[Peter Smith] The UK has voted to leave the European Union. In the last few days before the referendum, polls showed that support was consolidating around the Remain camp, and the financial markets seemed to bet on their victory. It’s fair to write that many Leave supporters did not think that the vote would tip the other way. But tip it did, and the final result was 52%-48%.
What does the vote mean for Catholics in the UK and beyond?
My reading is that there are three groups of campaigners who need to be satisfied with the consequences of the vote. The first are the moderate Leavers who supported Vote Leave, the official campaign nominated by the Electoral Commission. Catholics politicians like Jacob Rees-Mogg, Gisela Stuart (who spoke at the Catholic Voices referendum debate) and Iain Duncan Smith were key supporters, and plenty of Catholics found common cause with the positive reasons for voting Leave.
Vote Leave sought primarily to end the supremacy of EU law in the UK (hence the strapline ‘Vote Leave, take control’) and to reconfigure Britain’s trade relationships with the Continent and the rest of the world. No more would money be sent to Brussels only for much of it to be remitted (strings attached) to the UK, through mechanisms like Common Agricultural Policy subsidies, or for distribution elsewhere in the Union. Instead, the UK could tax and spend on agriculture or the NHS in ways the elected government of the day saw fit. Rather than be locked into a Common Trade Policy negotiated by the European Commission and its External Action Service on behalf of all 28 member states, the UK can negotiate its own trade agreements with emerging markets around the world, acting in the best interests of those industries like finance and ancillary services which we have a comparative advantage.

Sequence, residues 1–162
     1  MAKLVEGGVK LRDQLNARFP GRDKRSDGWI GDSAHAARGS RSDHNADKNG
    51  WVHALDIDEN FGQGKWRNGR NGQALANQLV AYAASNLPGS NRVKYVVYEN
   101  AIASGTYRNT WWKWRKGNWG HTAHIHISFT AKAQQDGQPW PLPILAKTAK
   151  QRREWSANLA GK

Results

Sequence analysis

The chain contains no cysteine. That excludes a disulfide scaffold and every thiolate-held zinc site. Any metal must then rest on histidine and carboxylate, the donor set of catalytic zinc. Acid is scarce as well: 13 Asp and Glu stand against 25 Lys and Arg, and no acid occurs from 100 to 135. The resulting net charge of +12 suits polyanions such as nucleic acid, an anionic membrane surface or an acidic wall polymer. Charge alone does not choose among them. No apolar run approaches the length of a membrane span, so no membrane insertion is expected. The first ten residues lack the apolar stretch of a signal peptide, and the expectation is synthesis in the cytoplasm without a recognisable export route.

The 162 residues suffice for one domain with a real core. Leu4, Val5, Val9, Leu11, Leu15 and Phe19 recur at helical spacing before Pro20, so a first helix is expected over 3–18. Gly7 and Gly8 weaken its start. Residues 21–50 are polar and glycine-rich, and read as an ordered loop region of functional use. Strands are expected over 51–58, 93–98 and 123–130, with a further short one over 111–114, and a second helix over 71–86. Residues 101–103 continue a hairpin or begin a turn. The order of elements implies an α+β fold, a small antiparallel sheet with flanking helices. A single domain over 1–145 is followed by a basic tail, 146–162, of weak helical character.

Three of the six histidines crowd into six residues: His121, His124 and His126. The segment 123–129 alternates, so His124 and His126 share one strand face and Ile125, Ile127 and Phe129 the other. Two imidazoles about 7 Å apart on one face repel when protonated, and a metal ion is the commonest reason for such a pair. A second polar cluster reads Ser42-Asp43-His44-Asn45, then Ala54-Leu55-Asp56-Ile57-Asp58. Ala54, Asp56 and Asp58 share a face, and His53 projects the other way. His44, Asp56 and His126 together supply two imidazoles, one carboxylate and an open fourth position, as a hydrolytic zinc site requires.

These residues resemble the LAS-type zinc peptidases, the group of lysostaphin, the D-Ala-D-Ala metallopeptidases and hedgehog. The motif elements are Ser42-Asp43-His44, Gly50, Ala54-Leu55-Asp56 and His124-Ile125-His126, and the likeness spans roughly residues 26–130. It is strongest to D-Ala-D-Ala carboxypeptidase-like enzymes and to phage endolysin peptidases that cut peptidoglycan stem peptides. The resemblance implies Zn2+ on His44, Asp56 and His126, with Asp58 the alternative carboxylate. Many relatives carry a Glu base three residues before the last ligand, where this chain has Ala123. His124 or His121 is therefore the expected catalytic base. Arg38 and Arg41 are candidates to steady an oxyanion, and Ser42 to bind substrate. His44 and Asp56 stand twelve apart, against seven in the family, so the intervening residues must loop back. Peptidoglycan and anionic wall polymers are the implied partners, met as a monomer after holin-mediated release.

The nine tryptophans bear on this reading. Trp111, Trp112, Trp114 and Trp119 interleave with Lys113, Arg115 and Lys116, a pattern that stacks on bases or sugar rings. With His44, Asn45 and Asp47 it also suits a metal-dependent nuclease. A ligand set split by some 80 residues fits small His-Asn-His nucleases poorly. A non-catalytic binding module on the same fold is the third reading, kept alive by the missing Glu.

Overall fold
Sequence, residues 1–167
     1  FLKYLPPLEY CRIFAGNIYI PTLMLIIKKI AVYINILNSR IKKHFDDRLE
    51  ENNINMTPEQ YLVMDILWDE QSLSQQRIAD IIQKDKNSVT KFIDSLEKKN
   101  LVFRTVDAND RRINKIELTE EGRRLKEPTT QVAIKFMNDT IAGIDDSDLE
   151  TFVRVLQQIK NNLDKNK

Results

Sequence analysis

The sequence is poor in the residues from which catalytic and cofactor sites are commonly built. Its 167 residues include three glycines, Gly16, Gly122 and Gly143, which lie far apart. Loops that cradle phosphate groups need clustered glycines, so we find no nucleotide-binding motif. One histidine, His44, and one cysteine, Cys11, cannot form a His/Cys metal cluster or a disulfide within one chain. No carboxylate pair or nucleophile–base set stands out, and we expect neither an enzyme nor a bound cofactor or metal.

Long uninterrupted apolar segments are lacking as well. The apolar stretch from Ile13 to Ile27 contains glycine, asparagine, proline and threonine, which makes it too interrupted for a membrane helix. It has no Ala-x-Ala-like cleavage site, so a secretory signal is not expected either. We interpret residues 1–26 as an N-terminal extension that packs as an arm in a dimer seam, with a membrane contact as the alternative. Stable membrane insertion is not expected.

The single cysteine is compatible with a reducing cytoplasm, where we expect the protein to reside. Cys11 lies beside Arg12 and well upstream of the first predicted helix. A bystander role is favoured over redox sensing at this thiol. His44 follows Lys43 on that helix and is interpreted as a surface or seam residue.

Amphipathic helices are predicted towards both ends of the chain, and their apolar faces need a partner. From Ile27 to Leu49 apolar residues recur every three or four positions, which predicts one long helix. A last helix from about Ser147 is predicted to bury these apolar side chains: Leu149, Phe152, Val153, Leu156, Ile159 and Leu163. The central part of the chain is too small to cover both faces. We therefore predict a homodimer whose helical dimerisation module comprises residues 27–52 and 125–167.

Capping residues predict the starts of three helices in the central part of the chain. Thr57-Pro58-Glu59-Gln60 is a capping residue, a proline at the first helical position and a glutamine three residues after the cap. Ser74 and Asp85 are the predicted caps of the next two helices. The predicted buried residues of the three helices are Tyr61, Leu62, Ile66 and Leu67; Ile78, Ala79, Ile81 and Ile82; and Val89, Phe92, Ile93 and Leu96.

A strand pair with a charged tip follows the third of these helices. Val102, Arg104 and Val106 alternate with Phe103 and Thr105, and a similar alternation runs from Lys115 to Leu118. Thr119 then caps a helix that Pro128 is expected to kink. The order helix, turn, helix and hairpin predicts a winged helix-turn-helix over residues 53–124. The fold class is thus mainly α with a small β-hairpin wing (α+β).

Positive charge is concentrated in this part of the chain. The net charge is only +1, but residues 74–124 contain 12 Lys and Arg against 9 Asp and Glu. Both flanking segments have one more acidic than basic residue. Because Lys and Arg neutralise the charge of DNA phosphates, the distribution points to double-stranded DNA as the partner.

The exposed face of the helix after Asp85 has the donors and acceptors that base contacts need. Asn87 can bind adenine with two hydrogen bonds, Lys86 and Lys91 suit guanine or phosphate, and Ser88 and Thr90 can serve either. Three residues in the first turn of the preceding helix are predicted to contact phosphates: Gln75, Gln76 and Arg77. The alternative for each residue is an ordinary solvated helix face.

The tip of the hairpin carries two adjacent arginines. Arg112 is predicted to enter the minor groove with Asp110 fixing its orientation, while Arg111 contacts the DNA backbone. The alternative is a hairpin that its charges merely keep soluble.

Catholic charities are fearful that EU funds will be quickly withdrawn and not replaced by national government. It will be for the charities to publicise their plights, to look for other sources of funding and to seek new arrangements with the UK government.
There will be a substantial, multi-year time lag as the UK unpicks its legal relationships with the EU in respect of trade, devises detailed new plans and sets out to implement them. From a religious perspective, there will not be much specific domestic effect save that the UK will probably experience some economic hardship purely because of the Leave vote (i.e. not caused by the expected and normal downturn in the business cycle, when investment and spending falls, companies consolidate rather than grow, and unemployment rises).
Catholics, from politicians and businessmen to charities and think tanks, will no doubt respond that we should remember St John Paul II’s teaching that work is the key to the social question. Internationally, the positive Vote Leave case is that trade with the UK will be mutually beneficial with lesser economically developed countries, such as the Catholic countries of Latin America, whose imports into the EU are subject to the Common External Tariff.
The second group of campaigners are those who voted Leave on the basis of migration. Migration directly impacts on the Catholic Church in the UK: Poles and Filipinos, Nigerians and Irish are to be found in parishes the length and breadth of the land. Millions of votes were cast as a response to the feeling that working class livelihoods and communities were threatened by massive un- and semi-skilled, intra-European migration. Frankly, it will be hard to see how any legitimate post-referendum settlement cannot have restrictions on freedom of movement. It would be a betrayal of a huge segment of the British population who already feel the mainstream political parties have abandoned them.